7. 7. INFT3007 New Header Format  The IPv6 header keeps header overhead to a minimum.  Moves both non-essential fields and optional fields to extension headers that are placed after the IPv6 header.  The streamlined IPv6 header is more efficiently processed at intermediate routers.  IPv4 headers and IPv6 headers are not interoperable.  The new IPv6 header is only twice as large as the IPv4 header even though the number of bits in IPv6 addresses is four times larger than IPv4 addresses.
  8. 8. INFT3007 Large Address Space  128 bit address space  Sufficient for growth in the foreseeable future  Techniques such as NAT/PAT for address preservation is not needed
  9. 9. INFT3007 Efficient and hierarchical addressing and routing infrastructure  IPv6 global addresses used on the IPv6 portion of the Internet are designed to create an efficient, hierarchical, and summarizable routing infrastructure that is based on the common occurrence of multiple levels of Internet service providers.
  10. 10. INFT3007 Stateless and stateful address configuration  IPv6 supports both stateful address configuration, such as address configuration in the presence of a DHCP server, and stateless address configuration (address configuration in the absence of a DHCP server).
  11. 11. INFT3007 Built-in security  Support for IPsec is an IPv6 protocol suite requirement
  12. 12. INFT3007 Better Support for Prioritized Delivery  New fields in the IPv6 header define how traffic is handled and identified.  Because the traffic is identified in the IPv6 header, support for prioritized delivery can be achieved even when the packet payload is encrypted with IPsec.
  13. 13. INFT3007 New Protocol for Neighboring Node Interaction  The Neighbor Discovery protocol manage the interaction of neighboring nodes (nodes on the same link).  Neighbor Discovery replaces the broadcast-based Address Resolution Protocol (ARP), ICMPv4 Router Discovery, and ICMPv4 Redirect messages with efficient multicast and unicast Neighbor Discovery messages.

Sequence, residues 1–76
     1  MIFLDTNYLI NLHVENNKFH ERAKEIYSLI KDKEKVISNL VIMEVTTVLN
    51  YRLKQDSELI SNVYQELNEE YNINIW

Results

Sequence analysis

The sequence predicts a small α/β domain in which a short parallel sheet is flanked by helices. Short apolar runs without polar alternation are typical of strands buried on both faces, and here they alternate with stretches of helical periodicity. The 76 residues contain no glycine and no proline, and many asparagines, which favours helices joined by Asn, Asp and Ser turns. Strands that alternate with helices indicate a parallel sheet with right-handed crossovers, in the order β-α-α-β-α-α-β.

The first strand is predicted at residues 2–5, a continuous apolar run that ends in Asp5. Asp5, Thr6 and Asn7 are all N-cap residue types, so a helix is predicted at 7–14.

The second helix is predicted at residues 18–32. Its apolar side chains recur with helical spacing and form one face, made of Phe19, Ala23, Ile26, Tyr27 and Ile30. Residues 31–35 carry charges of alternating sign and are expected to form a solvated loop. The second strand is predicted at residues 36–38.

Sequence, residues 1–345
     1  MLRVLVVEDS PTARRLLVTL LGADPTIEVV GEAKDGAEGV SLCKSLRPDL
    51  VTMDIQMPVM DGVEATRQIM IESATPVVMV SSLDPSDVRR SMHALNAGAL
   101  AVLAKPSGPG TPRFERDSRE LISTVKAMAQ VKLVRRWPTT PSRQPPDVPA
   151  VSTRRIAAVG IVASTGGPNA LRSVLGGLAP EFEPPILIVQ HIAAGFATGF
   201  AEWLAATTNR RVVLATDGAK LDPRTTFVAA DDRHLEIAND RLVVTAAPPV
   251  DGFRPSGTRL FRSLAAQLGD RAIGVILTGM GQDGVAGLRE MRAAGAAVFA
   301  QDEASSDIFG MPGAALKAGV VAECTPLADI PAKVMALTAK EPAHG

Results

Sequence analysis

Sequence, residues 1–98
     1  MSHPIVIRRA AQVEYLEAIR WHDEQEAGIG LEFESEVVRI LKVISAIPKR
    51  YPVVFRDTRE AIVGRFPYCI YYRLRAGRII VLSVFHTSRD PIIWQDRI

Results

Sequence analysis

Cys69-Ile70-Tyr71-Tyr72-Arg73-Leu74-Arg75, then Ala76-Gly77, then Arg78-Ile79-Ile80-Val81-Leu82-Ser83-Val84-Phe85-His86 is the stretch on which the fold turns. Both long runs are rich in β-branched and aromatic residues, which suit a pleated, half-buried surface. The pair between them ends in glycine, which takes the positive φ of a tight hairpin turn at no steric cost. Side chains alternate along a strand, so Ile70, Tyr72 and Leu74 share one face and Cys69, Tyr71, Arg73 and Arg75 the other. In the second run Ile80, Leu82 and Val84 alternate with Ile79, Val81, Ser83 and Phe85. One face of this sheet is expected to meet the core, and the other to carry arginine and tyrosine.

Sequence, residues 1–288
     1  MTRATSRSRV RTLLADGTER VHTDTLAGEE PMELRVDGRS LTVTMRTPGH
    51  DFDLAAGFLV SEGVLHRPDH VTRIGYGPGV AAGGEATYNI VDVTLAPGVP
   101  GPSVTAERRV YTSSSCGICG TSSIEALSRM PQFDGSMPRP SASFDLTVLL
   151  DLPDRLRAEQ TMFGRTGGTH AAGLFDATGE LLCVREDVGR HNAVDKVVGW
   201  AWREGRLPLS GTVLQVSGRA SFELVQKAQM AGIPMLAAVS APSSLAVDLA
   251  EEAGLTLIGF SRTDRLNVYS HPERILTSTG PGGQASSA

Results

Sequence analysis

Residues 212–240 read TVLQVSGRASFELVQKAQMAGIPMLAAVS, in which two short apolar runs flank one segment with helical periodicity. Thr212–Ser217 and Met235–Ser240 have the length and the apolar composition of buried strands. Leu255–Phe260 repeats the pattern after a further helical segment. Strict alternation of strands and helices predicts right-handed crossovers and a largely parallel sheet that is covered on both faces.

14. 14. INFT3007 Extensibility  IPv6 can easily be extended for new features by adding extension headers after the IPv6 header.  Unlike options in the IPv4 header, which can only support 40 bytes of options, the size of IPv6 extension headers is only constrained by the size of the IPv6 packet.
  15. 15. INFT3007 IPv4 vs IPv6 IPv4 IPv6 Source and destination addresses are 32 bits (4 bytes) in length. Source and destination addresses are 128 bits (16 bytes) in length. IPsec support is optional. IPsec support is required. No identification of packet flow for QoS handling by routers is present within the IPv4 header. Packet flow identification for QoS handling by routers is included in the IPv6 header using the Flow Label field Fragmentation is done by both routers and the sending host. Fragmentation is not done by routers, only by the sending host. Header includes a checksum. Header does not include a checksum. Header includes options. All optional data is moved to IPv6 extension headers. Address Resolution Protocol (ARP) uses broadcast ARP Request frames to resolve an IPv4 address to a link layer address. ARP Request frames are replaced with multicast Neighbor Solicitation messages.
  16. 16. INFT3007 IPv4 vs IPv6
  17. 17. INFT3007 References  Windows Server 2008 White Paper – Introduction to IPv6 Downloadable via - http://technet.microsoft.com/en- us/library/bb726944.aspx http://download.microsoft.com/download/e/ 9/b/e9bd20d3-cc8d-4162-aa60- 3aa3abc2b2e9/IPv6.doc
  18. 18. INFT3007 References (contd.)  Understanding IPv6, 3rd Edition by Joseph Davies  Downloadable as a free e-book